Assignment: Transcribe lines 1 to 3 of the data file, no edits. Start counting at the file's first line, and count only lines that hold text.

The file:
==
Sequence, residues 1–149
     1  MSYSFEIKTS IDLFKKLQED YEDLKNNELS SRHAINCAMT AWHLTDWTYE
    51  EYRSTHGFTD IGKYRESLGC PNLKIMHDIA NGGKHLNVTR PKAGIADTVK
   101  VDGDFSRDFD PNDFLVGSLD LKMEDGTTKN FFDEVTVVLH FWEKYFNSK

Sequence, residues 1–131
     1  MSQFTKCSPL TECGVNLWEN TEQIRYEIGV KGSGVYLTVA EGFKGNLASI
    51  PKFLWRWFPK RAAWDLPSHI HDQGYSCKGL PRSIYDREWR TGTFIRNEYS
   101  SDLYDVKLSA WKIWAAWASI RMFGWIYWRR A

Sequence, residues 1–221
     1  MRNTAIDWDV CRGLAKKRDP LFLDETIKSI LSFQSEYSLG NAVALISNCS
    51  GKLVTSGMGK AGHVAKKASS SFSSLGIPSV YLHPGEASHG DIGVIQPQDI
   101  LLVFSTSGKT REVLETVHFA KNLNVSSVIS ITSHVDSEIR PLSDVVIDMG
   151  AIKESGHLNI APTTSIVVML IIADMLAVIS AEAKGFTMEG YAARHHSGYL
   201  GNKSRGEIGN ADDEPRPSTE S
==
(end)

Sequence, residues 1–149
     1  MSYSFEIKTS IDLFKKLQED YEDLKNNELS SRHAINCAMT AWHLTDWTYE
    51  EYRSTHGFTD IGKYRESLGC PNLKIMHDIA NGGKHLNVTR PKAGIADTVK